Lifelong Quogue resident Edward T. Otis III explains that giving back to his community has been a tradition in his family ever since his late father, Bob, helped found the Rotary Club of Westhampton in 1953.
Crediting his father as being his role model, Mr. Otis, 66, who is better known by his middle name of Tom, has served as president of Otis Ford on Montauk Highway in Quogue Village for the past 38 years. He said he has made a point of assisting the East End community whenever possible, whether he is helping plan a Rotary Club fundraiser, volunteering his time to help the homeless through Maureen’s Haven, or protecting his hometown by serving on the Quogue Fire Department. Prior to stepping down, he also spent more than a decade serving on the Quogue Board of Education.
Though he has never sought recognition, Mr. Otis said he was thrilled to learn that his service to his hometown had not gone unnoticed when, earlier this year, the Westhampton Beach St. Patrick’s Day Parade Committee tapped him to serve as the 47th grand marshal of the parade, scheduled this year for Saturday, March 9, starting at noon.
“I was very excited,” said Mr. Otis, who will lead marchers during the 46th annual parade (there were two co-grand marshals one year). “I felt honored to be recognized for my community involvement.”
Because he is best known as a businessman and philanthropist—his father founded Otis Ford in 1946, the same year his son was born—few realize that Mr. Otis, who has sold cars for most of his life, also enjoys racing them. He explained that he picked up the hobby about five years ago when a colleague recommended that he give it a try.
During the summer months, he often spends his weekends competing in amateur races behind the wheel of his blue 2004 Mustang Cobra, which is emblazoned with the number 891.
He also collects classic cars and boasts a collection that includes six vehicles, including several Mustangs. For the parade, he has asked some of his racing buddies, most of whom are traveling from out of town, to drive their prized vehicles down Main Street as part of the festivities in Westhampton Beach.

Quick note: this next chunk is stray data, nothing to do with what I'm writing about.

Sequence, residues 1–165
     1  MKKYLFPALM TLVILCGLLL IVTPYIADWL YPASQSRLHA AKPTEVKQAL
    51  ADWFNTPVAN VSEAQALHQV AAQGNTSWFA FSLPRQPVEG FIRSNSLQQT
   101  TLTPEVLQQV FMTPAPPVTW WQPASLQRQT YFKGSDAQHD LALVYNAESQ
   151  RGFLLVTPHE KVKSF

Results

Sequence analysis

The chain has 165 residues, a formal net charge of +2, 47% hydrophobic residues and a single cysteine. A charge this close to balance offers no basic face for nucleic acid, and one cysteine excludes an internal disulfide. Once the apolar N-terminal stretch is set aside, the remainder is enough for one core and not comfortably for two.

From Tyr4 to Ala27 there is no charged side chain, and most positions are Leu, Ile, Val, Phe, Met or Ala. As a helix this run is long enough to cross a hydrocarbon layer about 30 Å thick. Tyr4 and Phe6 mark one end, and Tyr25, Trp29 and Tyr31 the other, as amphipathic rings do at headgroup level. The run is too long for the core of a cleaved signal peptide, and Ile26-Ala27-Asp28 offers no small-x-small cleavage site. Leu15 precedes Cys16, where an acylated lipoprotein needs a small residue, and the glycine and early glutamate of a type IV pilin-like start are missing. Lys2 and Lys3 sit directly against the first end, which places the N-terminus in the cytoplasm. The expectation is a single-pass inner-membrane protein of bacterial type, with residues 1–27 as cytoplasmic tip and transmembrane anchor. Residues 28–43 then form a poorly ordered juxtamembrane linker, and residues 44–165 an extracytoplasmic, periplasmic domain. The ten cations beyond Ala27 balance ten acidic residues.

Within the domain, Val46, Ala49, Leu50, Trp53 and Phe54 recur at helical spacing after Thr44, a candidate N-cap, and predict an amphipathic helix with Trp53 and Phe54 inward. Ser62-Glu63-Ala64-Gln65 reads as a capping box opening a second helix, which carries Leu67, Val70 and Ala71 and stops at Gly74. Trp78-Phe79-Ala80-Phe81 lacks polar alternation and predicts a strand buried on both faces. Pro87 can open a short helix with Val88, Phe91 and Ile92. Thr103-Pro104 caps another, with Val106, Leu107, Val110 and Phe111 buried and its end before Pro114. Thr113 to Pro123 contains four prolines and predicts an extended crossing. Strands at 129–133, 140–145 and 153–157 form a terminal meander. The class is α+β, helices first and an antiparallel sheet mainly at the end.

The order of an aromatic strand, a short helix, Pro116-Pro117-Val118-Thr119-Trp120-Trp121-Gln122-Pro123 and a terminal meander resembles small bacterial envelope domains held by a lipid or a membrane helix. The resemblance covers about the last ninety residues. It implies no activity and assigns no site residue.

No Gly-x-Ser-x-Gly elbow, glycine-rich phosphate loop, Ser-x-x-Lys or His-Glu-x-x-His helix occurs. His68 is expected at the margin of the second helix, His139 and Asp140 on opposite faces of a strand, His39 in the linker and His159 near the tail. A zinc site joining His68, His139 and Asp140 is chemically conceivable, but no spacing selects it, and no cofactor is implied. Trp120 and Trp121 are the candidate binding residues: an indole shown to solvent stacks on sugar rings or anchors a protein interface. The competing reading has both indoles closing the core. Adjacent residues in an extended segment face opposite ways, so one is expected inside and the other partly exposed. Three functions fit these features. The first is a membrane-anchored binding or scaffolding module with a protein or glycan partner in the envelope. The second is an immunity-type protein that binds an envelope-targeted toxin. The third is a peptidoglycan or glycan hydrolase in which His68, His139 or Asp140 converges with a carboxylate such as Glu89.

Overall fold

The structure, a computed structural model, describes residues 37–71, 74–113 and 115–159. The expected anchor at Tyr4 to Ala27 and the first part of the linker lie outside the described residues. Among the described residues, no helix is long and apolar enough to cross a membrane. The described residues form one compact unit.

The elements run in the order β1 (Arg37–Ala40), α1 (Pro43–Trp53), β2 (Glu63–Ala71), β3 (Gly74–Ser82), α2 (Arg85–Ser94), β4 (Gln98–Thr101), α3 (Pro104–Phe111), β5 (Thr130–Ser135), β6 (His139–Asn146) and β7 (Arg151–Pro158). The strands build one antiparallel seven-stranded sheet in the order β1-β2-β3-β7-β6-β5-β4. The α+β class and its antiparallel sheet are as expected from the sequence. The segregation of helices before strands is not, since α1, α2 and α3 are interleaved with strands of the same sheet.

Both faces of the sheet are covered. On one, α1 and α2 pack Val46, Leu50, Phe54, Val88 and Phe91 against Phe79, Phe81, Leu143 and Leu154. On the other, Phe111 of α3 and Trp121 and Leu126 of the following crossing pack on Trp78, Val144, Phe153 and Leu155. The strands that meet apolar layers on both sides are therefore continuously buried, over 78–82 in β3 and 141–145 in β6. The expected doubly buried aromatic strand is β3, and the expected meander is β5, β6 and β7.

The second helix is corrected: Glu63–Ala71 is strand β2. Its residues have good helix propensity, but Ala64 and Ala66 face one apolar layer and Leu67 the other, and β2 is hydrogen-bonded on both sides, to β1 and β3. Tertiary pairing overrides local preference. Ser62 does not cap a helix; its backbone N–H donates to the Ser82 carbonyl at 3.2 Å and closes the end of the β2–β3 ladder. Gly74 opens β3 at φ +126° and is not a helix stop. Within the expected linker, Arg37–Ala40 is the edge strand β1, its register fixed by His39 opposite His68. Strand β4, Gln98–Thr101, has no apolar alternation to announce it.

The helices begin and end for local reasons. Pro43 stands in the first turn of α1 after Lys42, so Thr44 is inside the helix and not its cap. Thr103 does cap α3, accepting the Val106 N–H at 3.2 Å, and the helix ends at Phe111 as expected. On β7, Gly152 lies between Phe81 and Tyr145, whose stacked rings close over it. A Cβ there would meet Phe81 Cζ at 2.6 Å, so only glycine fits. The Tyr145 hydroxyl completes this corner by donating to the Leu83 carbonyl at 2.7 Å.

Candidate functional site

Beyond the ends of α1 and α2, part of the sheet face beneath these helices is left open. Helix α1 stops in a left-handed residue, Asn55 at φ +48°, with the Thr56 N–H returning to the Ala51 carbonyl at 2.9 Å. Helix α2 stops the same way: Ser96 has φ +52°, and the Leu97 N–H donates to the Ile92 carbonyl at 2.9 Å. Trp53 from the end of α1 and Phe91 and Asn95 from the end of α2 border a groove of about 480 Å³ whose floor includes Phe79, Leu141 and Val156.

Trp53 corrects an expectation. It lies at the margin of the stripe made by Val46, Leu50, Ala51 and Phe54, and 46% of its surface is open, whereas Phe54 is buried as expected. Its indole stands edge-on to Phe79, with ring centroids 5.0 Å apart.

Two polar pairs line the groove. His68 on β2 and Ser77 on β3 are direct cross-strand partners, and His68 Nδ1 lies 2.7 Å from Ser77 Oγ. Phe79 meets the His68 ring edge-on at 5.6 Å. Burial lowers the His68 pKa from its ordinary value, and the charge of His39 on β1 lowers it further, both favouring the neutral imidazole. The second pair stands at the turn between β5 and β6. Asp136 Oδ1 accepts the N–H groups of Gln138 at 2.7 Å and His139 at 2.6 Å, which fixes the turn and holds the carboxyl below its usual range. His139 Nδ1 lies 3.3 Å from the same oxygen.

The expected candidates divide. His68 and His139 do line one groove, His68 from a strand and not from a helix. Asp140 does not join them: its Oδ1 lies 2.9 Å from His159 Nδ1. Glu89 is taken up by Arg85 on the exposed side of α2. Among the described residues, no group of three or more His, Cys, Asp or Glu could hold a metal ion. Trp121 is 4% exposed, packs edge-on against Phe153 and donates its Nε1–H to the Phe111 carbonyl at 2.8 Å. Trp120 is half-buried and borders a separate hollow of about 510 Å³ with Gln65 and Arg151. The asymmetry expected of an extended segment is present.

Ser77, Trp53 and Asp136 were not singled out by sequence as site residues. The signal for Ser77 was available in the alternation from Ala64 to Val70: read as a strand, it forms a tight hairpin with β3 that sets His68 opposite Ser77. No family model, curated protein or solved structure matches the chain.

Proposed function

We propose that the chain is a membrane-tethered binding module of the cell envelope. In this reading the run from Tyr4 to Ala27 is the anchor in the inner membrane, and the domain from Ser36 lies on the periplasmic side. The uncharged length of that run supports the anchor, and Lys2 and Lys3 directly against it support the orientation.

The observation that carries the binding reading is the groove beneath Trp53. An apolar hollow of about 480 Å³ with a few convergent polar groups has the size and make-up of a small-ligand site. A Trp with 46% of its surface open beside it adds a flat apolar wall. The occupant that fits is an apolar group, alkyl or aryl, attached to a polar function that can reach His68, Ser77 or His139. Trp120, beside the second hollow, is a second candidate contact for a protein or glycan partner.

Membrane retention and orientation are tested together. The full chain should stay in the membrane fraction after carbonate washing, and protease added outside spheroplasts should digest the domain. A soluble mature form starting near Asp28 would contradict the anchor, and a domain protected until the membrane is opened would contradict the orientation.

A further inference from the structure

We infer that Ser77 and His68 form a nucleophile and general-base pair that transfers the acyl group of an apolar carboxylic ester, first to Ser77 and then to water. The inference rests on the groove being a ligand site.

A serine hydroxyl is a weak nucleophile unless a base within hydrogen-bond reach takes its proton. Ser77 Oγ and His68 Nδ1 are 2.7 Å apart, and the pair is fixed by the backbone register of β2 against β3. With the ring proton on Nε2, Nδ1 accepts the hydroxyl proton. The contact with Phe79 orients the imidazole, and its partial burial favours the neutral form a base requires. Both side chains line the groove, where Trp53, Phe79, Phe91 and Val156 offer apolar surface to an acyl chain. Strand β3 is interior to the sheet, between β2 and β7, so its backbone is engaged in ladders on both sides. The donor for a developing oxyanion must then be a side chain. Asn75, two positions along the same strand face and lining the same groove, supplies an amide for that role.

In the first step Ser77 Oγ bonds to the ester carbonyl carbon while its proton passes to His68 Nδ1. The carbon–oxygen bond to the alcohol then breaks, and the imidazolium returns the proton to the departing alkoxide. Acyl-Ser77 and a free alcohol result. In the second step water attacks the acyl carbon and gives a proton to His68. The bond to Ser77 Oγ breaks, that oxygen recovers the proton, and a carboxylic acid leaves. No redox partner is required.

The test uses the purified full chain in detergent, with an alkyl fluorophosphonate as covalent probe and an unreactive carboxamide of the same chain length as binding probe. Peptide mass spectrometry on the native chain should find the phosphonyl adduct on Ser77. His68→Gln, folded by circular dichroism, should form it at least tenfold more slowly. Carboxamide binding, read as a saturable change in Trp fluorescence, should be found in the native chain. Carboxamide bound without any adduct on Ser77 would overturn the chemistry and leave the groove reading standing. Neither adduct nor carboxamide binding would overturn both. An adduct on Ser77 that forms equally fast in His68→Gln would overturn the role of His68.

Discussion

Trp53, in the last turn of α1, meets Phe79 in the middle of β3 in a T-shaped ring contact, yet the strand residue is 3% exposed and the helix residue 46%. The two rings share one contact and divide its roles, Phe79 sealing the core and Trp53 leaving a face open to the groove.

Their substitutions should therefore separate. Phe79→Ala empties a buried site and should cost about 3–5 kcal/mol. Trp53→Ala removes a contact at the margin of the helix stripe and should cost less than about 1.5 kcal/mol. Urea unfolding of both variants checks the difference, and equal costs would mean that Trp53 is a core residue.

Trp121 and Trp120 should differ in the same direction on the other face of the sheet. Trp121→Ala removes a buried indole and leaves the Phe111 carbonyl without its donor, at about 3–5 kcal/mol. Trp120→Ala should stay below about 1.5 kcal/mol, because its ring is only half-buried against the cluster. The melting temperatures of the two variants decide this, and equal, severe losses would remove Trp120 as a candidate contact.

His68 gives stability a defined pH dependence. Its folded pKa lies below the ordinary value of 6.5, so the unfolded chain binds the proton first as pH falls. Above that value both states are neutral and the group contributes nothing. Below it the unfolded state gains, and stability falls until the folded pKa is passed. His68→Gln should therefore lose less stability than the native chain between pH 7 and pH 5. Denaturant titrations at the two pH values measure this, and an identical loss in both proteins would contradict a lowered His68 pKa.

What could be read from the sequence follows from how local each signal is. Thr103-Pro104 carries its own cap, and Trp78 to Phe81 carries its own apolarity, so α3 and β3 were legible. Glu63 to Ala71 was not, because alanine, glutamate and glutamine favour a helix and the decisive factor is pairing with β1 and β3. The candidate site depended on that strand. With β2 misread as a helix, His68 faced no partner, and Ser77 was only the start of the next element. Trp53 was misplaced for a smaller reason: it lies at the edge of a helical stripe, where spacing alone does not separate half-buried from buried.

“It will be very cool,” Mr. Otis said of the spectacle.
Mr. Otis was born in November 1946 and was barely a month old when his father purchased a car dealership on Montauk Highway and opened Otis Ford. The dealership has been a part of his life since then. Starting in the seventh grade, Mr. Otis said he would often go there immediately after being dropped off by the school bus to assist his father at the business.
Three days after earning his bachelor’s degree in art from Buena Vista University in Strong Lake, Iowa, Mr. Otis returned home to Quogue to work full-time at the dealership. It was there that he developed lifelong friendships and, in December 1970, met the love his life, Jane, while selling her parents a car.
They were married in June 1971 and have three children—Elizabeth, 35, Mary, 34, and Tommy, 28. Although he does not get to see them as much as he would like, Mr. Otis said he enjoys spending time with his four grandchildren—Charlie, 6, Dagney, 4, Georgia, 2, and Benjamin, 1.
From 1968 through 1972, Mr. Otis served as a reservist in the U.S. Air National Guard and, in 1970, was promoted to lieutenant of the transportation unit that was based in Riverhead. The unit is no longer located on the East End.
While his family business has always been important to him, Mr. Otis notes that helping his community has always been one of his priorities. For the past 35 years, Mr. Otis has been an active member of the Rotary Club of Westhampton, which organizes a number of charitable events each year, and, for the past two years, has served as the group’s vice president. He served as club president in 1989.
He said two of his proudest accomplishments with Rotary was helping get the group’s annual spaghetti dinner off the ground and, for the past 26 years, organizing the club’s annual charity golf outing. Over that time, Mr. Otis estimates that he has helped collect more than $700,000 in donations and has no intention of slowing down.
“Numerous colleagues of mine were involved in the Rotary when I joined,” Mr. Otis said. “With my family knowledge of the Rotary, I felt it was something I should do.”
He also served on the Quogue Board of Education for 16 years, starting in 1992. He said he decided to run for office that year after officials were discussing possibly closing the Quogue School, a small elementary school, and consolidating with one of the larger districts in the area. Mr. Otis would go on to serve as board president for 13 years, until stepping down in 2008.